2019 UCLA Celebration of Iranian Cinema April 27 - May 11

April 9, 2019
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Roxie Sarhangi | Roxie PR / roxie@roxiepr.com / 310-666-1546

UCLA Film & Television Archive and Farhang Foundation Present the
Best in Iranian Cinema April 27–May 11

2019 0409 UCLA CIC 01Annual UCLA Celebration of Iranian Cinema opens with the Los Angeles premiere of Tehran: City of Love, and includes restorations of two landmark Iranian New Wave films

WHAT: UCLA Celebration of Iranian Cinema sponsored by Farhang Foundation. All films originate from Iran and are in Persian with English subtitles.

WHEN: April 27 – May 11, 2019

WHERE: UCLA's Billy Wilder Theater at the Hammer Museum

TICKETS: Regular screenings: $10 general admission available here.

LOS ANGELES, CA, April 9, 2019 — The UCLA Film & Television Archive’s annual Celebration of Iranian Cinema—the first showcase for new Iranian films in the U.S. — marks its milestone third decade with a program that illuminates the latest cinematic trends with comedies and outright satires as well as gripping dramas and documentaries that explore the complex realities of Iran’s contemporary moment and the difficult history that shaped it. The event continues to be a platform for exciting new voices in cinema as well as a dialog to foster cultural understanding.

"Every year putting together the program for the UCLA Celebration of Iranian Cinema is a journey of discovery,” says Paul Malcolm, film programmer for the UCLA Film & Television Archive. “This year I'm not only excited about sharing every individual film with our audience, but I am also very happy at the range of subject matter and genres that are in the line up this year, from family dramas to romantic comedies to the overtly political satire in Sly. I think our audiences will be pleasantly surprised at what they will discover in this year’s selections.”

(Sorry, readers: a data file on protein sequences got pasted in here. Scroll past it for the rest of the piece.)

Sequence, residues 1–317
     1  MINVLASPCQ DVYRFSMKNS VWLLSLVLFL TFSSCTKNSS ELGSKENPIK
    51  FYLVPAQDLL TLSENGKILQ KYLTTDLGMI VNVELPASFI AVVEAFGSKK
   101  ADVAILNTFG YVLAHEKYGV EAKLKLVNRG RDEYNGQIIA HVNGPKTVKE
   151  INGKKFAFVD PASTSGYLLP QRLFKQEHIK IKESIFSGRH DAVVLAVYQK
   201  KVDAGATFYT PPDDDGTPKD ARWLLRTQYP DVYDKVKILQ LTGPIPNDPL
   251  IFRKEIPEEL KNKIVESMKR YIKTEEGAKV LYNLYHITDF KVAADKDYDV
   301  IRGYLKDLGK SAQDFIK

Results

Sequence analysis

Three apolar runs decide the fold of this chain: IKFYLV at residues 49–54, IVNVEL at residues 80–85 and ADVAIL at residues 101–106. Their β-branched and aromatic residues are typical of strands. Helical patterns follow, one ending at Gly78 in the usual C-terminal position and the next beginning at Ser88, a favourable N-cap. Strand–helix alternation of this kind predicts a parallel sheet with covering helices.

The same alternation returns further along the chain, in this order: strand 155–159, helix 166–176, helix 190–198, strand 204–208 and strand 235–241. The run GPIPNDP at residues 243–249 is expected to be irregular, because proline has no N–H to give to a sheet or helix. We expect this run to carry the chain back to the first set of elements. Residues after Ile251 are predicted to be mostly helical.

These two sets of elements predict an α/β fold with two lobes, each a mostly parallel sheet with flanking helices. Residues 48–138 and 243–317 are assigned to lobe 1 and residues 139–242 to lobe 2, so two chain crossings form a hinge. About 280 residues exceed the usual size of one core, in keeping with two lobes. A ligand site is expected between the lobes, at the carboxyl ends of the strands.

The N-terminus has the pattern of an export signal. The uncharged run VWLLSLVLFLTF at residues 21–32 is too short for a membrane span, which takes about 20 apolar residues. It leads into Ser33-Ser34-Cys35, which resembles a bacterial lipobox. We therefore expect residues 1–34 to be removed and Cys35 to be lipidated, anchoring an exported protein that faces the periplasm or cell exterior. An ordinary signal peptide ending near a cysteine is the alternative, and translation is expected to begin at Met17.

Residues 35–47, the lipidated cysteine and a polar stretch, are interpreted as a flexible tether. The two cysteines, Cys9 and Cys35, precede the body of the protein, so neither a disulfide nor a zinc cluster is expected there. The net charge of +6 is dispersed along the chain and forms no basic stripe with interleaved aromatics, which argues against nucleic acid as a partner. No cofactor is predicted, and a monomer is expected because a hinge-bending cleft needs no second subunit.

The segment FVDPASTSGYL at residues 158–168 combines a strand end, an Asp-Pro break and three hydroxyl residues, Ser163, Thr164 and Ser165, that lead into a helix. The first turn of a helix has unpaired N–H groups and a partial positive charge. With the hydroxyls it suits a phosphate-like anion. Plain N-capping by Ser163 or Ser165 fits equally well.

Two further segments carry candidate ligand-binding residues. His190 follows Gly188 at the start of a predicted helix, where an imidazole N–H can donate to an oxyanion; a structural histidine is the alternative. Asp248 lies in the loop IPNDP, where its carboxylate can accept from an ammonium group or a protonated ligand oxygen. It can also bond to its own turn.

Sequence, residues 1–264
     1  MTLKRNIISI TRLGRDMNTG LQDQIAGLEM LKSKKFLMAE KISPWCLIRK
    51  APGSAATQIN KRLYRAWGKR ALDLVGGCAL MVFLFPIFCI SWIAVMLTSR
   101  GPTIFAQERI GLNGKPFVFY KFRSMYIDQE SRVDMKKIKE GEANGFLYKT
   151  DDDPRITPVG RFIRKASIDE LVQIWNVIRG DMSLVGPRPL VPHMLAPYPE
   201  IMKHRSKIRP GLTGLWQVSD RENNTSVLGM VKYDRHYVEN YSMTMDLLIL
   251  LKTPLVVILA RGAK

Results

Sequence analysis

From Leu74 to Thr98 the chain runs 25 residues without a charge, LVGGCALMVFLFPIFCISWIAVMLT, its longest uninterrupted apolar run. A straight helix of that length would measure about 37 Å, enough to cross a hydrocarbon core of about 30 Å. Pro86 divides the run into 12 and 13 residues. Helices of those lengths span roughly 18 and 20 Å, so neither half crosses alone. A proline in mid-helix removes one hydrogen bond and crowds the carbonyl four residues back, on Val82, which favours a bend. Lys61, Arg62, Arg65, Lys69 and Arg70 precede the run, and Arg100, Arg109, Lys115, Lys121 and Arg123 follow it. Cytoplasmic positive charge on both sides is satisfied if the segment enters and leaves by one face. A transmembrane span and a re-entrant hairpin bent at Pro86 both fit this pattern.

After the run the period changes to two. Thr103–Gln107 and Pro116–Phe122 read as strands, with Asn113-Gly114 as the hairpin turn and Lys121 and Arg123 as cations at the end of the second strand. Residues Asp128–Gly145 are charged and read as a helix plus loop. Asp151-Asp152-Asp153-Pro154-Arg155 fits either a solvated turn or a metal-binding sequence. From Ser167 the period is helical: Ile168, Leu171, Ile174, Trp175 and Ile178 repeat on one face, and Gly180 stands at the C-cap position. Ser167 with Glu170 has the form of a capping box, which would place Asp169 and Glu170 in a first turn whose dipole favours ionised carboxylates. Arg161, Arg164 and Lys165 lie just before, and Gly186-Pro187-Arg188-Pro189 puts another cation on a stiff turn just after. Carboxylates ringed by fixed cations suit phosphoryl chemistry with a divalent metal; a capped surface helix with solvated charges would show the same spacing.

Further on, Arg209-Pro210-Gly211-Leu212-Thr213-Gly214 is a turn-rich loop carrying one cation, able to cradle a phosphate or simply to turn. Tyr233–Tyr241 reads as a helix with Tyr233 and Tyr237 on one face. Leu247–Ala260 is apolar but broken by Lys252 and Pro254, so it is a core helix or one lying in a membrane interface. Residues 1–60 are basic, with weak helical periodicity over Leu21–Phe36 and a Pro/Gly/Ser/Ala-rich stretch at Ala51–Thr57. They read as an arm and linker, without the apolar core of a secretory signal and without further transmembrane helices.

“We are delighted to once again join forces with the prestigious UCLA Film & Television Archive to help present this year’s Iranian film series,” says Alireza Ardekani, Executive Director of Farhang Foundation. “The archive's dedication and service to Iranian cinema over the last three decades is definitely commendable, and they should be applauded for what they have achieved in celebrating and showcasing the best in Iranian cinema with the entire community.”

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2019 0409 UCLA CIC 03   The celebration begins on April 27 with an opening reception and the Los Angeles premiere of Tehran: City of Love, the second film by up-and-coming Iranian-Canadian filmmaker Ali Jaberansari. This playful study of three people looking for love in a city where individual liberties can’t be taken for granted, is an all-new view of Iran’s capital and confirmation that Jaberansari is an exciting new voice in contemporary Iranian cinema. The director is scheduled to appear at the screening. View the trailer here.

The film series includes a rare political satire — Kamal Tabrizi’s Sly, screening April 28 at 3 PM. This refreshingly open spoof lampoons former Iranian president Mahmoud Ahmadinejad. Qodrat Allah Samadi (Hamed Behdad) is a man who dreams of high office while delivering fiery conservative speeches in his garage to a handful of oddball followers. When a twist of fate launches him into the political mainstream, his increasingly off-the-wall positions threaten to expose the corruption of the whole system. See the trailer.

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Director Kamal Tabrizi's SLY starring Hamed Behdad

Star director Payman Maadi, who wowed the UCLA Celebration of Iranian Cinema in 2014 with Snow on the Pines will be at the screening of his second film Bomb, A Love Story on May 10 at 7:30 PM This ambitious film of epic scope captures 1980s life in Tehran during the Iran-Iraq war.

2019 0409 UCLA CIC 05Payman Maadi in BOMB, A LOVE STORY

Sahar Khoshnam’s documentary Ill Fate has its world premiere May 11 at 3 PM. The long-overdue look at the role and image of women in Iranian cinema from 1900 to the Revolution delves into rare and classic titles.